The most important event in my life so far was when I first met the famous Panamanian artist Olga Sinclair. She inspired me to achieve my dreams and taught me that as women we are individuals, we are original, and if we fall we get back up because the sky isn’t the limit—the limit is what we place on ourselves.



A painting by Olga Sinclair courtesy of artnet.com. Check out her foundation here!

¿Qué es tu sueño?

Tengo muchos sueños, pero como joven que soy ahorita mi mayor sueño es entrar en Universidad y conocer el mundo.

¿Por qué quieres hacer esto?

Porque tengo anhelos, tengo deseos, y creo en mí, que si quiero y puedo lo puedo lograr.

¿Hay unos desafíos que tú crees son específica a mujeres panameña?

Si. Los desafíos más importantes para las mujeres panameñas en primer lugar está la discriminación. En Segundo lugar, está la proyección como ve las personas a las mujeres panameñas. En tercer lugar, uno de los más importantes desafíos es el reto al pensamiento de una misma de querer es poder

¿Ud. ha enfrentado a estos desafíos?

Si. El desafío más importante que yo he experimentado es la discriminación de una mujer, muchas personas piensan que como ser mujer no tengo la misma habilidad y las agallas para ser los que dé más hacen. Para poder manifestarse uno mismo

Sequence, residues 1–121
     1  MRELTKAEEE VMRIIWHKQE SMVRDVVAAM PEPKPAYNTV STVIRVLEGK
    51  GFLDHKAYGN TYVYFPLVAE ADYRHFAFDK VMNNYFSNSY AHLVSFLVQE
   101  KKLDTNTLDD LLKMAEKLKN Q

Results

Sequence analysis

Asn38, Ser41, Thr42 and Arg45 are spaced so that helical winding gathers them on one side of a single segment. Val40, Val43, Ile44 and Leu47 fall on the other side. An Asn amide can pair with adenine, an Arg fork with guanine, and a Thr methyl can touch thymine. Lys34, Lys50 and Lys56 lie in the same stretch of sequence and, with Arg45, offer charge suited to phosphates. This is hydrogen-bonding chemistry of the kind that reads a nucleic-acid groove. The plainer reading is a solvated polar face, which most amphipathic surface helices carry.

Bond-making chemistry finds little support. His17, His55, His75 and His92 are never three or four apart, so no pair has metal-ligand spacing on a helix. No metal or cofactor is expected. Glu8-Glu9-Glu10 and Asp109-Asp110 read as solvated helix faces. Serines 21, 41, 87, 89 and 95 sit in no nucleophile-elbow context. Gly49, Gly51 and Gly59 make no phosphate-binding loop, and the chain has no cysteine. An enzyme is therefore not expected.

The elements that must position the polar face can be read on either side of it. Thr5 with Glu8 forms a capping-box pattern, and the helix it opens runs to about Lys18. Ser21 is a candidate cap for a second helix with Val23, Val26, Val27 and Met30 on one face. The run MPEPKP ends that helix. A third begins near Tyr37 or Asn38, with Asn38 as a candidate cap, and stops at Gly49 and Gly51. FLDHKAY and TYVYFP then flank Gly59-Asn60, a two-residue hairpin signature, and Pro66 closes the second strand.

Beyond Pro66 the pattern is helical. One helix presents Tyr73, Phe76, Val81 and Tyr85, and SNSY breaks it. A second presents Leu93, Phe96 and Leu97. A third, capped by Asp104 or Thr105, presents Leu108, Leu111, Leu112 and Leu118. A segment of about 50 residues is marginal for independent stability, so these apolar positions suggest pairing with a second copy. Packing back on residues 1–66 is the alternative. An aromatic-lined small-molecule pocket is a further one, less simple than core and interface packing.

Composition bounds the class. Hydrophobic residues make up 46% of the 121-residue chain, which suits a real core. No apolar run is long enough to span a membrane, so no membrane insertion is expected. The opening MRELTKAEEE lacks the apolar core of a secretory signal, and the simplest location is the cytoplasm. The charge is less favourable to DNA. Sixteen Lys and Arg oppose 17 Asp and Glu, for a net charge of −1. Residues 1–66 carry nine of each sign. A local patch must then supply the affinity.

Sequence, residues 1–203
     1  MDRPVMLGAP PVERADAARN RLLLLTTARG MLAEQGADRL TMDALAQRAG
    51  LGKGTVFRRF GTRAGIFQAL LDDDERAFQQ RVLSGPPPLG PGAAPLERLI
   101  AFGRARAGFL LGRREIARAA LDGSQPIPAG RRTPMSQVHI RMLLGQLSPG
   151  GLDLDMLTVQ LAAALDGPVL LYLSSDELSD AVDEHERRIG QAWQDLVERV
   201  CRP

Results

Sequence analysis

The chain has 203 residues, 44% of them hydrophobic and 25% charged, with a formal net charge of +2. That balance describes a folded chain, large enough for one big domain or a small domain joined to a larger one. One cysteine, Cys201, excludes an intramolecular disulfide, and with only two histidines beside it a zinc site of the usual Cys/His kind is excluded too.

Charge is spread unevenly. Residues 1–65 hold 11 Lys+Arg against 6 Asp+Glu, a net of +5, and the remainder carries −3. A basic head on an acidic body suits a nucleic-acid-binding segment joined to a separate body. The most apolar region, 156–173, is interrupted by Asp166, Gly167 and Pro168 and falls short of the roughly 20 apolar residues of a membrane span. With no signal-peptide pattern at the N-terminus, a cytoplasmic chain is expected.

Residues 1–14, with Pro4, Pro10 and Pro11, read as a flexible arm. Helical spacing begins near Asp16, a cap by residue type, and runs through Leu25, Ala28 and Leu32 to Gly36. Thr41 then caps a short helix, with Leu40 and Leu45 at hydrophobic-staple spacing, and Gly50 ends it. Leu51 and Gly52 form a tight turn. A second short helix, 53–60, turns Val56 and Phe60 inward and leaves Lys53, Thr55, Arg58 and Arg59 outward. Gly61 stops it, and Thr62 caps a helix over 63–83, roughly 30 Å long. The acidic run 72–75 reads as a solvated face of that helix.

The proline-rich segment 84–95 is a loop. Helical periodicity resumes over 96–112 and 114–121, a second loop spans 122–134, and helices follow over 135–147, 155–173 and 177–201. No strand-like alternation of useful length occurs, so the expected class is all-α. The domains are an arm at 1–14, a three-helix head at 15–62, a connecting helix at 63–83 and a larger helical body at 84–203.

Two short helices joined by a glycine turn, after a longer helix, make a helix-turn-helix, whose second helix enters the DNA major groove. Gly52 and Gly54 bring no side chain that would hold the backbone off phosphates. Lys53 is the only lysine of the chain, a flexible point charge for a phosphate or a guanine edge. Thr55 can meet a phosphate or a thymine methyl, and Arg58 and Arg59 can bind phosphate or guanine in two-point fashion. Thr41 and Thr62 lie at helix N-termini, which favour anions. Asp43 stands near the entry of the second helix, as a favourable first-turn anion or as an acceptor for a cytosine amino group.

¿Que fue uno de los eventos más influyente en su vida?

El evento más importante hasta ahora en mi vida fue conocer a la pintura muy reconocida en Panamá llamada Olga Sinclair. Ella me inspire lograr mis sueños a poder que somos mujeres somos únicas, somos originales, y que, si nos caemos, nos levantamos porque el cielo no es el límite. El límite es que nosotros ponemos.


Photo Friday! 

For eight beautiful days I was back in the USA! Seeing friends and family was so amazing and I felt waves of emotions that I wasn’t totally prepared for. I hugged my parents for such a long time at the airport. Strangely enough I was more unplugged at home than I usually am here in Panama, because I didn’t put any roaming data on my phone.